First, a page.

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5. Switch Things Up

Do you always begin brushing in the same place? Dentists say most of us do.

"Start in a different place so that you don't get lazy," Price says. By the time you get to the last area of your mouth, you may be bored. Stay aware of what you’re doing.

“Keep track of where you are going and where you have been. Make it to all the surfaces,” Sesemann says.  

6. Pick Products Wisely

The kind of toothpaste you use matters, he says. The things that brighten or control tartar can be harsh. “An increase in whitening particles can be harmful and sand away tooth structure.”

Go back to plain old fluoride toothpaste, he says. If you want to lighten your smile, you can always switch between whitening toothpaste and regular.

7. Control Your Sour Tooth

Energy drinks, diet sodas, and sour candies -- even healthy things like apple juice, orange juice, and coffee -- have acid that can soften tooth enamel, Sesemann says.

If you do go for sour goodies, wait half an hour before you brush. That gives your saliva time to restore tooth enamel. “The mechanical action of brushing softened teeth is the perfect recipe for wearing away enamel,” Sesemann says.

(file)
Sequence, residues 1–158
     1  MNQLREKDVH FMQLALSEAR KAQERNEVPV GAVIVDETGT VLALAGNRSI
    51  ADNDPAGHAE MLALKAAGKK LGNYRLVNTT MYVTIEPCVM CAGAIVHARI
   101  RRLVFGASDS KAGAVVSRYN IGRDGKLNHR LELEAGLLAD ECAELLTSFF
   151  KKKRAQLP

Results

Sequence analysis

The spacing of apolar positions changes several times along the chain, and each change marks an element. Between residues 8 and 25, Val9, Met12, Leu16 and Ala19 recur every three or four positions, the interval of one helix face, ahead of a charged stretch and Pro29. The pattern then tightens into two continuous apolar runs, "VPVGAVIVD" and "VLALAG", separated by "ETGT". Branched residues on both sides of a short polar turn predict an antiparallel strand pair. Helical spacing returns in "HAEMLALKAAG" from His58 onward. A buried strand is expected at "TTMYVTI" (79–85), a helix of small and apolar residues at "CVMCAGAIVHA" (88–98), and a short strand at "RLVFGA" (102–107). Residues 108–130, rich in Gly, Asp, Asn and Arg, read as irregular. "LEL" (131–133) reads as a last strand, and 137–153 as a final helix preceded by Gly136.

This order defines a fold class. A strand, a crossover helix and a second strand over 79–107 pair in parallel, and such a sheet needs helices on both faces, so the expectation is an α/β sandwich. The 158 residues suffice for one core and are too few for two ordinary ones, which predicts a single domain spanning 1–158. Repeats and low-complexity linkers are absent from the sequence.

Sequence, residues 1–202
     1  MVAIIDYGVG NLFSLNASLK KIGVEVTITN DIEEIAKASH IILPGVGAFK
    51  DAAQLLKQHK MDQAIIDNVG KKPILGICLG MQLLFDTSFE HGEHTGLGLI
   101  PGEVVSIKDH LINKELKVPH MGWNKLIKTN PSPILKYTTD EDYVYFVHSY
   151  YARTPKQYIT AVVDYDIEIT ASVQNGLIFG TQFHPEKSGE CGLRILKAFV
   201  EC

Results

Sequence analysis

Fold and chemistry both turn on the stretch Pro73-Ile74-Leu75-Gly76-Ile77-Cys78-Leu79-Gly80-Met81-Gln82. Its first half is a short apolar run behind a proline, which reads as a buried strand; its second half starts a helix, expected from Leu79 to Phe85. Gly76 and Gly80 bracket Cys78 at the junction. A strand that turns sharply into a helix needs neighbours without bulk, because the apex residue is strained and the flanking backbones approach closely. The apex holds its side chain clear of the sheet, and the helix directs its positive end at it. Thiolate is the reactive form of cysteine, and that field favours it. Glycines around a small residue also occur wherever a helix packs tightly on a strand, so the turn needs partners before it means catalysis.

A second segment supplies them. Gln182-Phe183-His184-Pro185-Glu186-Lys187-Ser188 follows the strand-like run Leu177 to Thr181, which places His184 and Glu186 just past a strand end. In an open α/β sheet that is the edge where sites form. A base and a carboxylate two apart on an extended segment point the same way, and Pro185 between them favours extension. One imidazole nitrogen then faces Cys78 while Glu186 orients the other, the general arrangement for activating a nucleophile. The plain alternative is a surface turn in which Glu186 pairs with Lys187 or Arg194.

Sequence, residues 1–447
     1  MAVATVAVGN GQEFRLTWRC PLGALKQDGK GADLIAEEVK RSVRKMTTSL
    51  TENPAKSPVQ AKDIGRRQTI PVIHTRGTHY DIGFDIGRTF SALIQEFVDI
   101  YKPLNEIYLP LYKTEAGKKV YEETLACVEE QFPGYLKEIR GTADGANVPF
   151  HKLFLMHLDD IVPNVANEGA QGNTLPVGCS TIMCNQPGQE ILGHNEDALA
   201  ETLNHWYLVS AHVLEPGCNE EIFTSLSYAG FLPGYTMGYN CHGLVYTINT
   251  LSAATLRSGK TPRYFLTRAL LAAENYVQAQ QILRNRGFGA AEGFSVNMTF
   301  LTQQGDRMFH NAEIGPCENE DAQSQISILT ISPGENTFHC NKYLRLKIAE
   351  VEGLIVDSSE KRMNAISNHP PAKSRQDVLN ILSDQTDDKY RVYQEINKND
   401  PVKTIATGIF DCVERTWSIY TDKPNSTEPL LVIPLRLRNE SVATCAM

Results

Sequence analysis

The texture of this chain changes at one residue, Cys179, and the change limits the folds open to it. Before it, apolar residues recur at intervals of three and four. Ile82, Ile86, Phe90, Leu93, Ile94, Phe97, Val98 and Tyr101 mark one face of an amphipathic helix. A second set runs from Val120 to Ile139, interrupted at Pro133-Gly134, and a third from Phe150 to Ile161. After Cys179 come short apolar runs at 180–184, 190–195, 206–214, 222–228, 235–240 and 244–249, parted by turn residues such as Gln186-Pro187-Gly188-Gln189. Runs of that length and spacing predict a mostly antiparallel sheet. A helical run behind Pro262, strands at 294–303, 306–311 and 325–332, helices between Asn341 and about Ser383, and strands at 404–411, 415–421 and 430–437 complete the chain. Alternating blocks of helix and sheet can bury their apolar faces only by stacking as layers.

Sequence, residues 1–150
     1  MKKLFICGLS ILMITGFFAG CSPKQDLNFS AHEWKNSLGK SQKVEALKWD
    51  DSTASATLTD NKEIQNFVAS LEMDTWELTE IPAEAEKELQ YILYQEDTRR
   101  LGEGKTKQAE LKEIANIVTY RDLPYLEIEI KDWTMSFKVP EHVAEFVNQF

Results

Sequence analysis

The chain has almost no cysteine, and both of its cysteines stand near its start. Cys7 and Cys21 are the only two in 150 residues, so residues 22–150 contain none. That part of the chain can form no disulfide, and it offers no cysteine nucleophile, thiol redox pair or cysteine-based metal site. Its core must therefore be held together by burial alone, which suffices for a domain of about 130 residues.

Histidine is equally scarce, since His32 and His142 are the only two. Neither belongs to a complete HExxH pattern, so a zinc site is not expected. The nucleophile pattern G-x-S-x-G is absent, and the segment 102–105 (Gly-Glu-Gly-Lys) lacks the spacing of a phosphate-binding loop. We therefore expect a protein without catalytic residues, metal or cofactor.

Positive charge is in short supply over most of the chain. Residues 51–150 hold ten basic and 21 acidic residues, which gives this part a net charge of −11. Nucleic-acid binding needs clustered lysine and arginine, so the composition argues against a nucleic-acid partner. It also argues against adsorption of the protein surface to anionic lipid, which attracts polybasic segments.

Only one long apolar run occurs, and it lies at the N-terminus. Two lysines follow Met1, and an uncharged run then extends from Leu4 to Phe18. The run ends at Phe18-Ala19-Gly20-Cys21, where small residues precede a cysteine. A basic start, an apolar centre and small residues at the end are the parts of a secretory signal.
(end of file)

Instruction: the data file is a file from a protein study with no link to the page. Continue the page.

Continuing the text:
8. Keep It Clean

Do you always rinse your brush? You should. Germs from your mouth and teeth can stay on it if you don’t.  It will also get rid of leftover toothpaste that can harden bristles.

You shouldn’t use a disinfectant to cleanse your toothbrush. Just rinse it and let it air dry. Don't put it in a case where it will stay damp for a long time.

9. Avoid Potty Mouth

Most of us store our brushes in the bathroom -- not the cleanest place in the house.

To keep yours tidy, stand it up in a holder. If you leave it on the counter, you could expose it to germs from your toilet or sink. Don’t let brushes touch each other if they’re stored together.

Let it air dry -- a moist brush is more likely to grow bacteria. Use a cover that lets air in when you travel.

10. Let It Go

How old is your toothbrush? The ADA suggests you get a new brush every 3 or 4 months. 

You can also look at the bristles. "Once the bristles lose their normal flexibility and start to break apart, change your toothbrush," Price says.

Frayed or broken bristles won’t clean your teeth as well.  If you can’t decide which toothbrush to buy, ask your dentist what kind is best.

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